Billed as a cross between Saving Private Ryan and Independence Day, this latest alien invasion epic actually offered up one of the most impressive trailers of the last few years.
A few startling shots of an obliterated Los Angeles, a screaming Marine dragged away by an unseen menace, hordes of meteoric vessels striking Earth with such force that they blast rings through the sky, and of course large clusters of confused sheep-like people running around amidst the raging anarchy; all complimented by Icelandic composer Jóhann Jóhannsson’s beautiful, yet haunting and eerily mechanical piece ‘The Sun’s Gone Dim and the Sky’s Turned Black’.
It is, without doubt, an awesome movie teaser, with plenty to get excited about, and a real sense that maybe this could offer something a little different, whilst maintaining the essence of a summer sci-fi blockbuster.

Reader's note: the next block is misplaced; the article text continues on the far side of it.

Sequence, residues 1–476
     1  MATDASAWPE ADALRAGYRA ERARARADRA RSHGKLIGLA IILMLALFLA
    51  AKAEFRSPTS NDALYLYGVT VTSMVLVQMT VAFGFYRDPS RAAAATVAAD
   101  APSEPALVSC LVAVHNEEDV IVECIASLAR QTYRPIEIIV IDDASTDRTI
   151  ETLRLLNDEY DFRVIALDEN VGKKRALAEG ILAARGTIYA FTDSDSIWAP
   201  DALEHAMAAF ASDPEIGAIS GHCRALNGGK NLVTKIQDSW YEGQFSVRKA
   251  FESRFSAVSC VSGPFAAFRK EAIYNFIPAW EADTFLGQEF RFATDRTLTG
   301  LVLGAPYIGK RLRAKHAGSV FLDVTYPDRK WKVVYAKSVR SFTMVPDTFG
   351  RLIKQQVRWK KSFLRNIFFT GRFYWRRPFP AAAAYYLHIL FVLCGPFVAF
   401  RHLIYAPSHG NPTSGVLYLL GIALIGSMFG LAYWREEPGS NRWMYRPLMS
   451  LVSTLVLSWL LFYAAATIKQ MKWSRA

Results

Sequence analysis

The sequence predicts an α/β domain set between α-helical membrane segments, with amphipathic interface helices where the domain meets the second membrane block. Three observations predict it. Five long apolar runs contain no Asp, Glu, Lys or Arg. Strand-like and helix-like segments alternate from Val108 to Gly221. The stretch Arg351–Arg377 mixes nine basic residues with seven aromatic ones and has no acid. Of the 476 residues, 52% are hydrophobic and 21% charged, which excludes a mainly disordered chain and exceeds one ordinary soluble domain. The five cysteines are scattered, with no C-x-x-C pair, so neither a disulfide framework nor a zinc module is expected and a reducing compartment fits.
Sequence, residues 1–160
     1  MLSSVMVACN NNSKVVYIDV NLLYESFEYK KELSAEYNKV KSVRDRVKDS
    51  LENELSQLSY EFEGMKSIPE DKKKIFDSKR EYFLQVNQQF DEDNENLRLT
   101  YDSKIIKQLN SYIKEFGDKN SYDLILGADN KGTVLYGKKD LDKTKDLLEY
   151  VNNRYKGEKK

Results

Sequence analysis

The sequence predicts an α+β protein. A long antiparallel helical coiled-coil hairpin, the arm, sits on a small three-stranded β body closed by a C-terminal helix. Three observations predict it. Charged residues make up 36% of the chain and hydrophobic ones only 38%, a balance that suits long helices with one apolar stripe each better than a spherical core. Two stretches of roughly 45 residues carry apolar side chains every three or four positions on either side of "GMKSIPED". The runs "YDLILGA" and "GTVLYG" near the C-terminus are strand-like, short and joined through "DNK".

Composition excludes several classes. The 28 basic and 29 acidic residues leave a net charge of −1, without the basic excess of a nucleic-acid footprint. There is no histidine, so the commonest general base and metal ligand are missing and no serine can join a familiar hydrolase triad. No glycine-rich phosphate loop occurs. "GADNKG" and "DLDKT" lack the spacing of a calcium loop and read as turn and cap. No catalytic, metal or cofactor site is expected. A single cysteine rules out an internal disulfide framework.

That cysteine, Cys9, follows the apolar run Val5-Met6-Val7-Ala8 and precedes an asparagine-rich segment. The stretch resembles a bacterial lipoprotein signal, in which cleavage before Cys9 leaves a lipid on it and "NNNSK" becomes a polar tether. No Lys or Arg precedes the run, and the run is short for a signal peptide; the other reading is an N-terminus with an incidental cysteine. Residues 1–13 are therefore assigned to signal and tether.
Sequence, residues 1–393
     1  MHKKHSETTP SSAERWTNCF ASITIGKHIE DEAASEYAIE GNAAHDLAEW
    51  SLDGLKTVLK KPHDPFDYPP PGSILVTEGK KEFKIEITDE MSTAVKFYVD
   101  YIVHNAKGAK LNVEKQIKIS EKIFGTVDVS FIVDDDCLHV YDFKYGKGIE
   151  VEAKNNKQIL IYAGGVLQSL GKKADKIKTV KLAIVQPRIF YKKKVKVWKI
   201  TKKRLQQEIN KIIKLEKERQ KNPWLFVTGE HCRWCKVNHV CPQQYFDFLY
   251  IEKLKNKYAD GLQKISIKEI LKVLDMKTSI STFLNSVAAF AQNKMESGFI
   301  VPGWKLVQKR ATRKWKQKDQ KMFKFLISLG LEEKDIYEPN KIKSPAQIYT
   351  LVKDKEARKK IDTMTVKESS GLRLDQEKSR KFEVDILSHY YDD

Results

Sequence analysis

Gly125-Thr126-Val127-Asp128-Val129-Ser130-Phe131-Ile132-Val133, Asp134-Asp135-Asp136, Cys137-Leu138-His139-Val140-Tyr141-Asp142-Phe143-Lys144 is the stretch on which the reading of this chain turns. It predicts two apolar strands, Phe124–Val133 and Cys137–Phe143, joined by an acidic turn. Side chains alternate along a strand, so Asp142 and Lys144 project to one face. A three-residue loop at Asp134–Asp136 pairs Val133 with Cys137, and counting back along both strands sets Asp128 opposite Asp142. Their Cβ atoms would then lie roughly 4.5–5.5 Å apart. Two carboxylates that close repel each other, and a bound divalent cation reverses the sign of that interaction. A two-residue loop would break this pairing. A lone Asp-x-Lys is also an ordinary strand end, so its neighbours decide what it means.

Such a shame that Battle: Los Angeles is actually as bland as a beige Volvo.
That’s not to say it’s a terrible movie; there’s some remarkable visuals, and even a couple of rousing performances, but clichéd doesn’t even begin to describe this film and its by-the-numbers storyline, direction and dialogue.
As Battle: Los Angeles begins, no time is wasted in pointing out that the Earth is currently being pelted by strange objects from space, thought to be meteorites. All the well known cities are casually referenced in a half-hearted attempt to steer clear of ‘Roland Emmerich Syndrome’, which is a devastating virus that renders large scale disaster movies devoid of multicultural awareness (when the world is under attack, only the USA is affected, and only the USA can save us – sigh).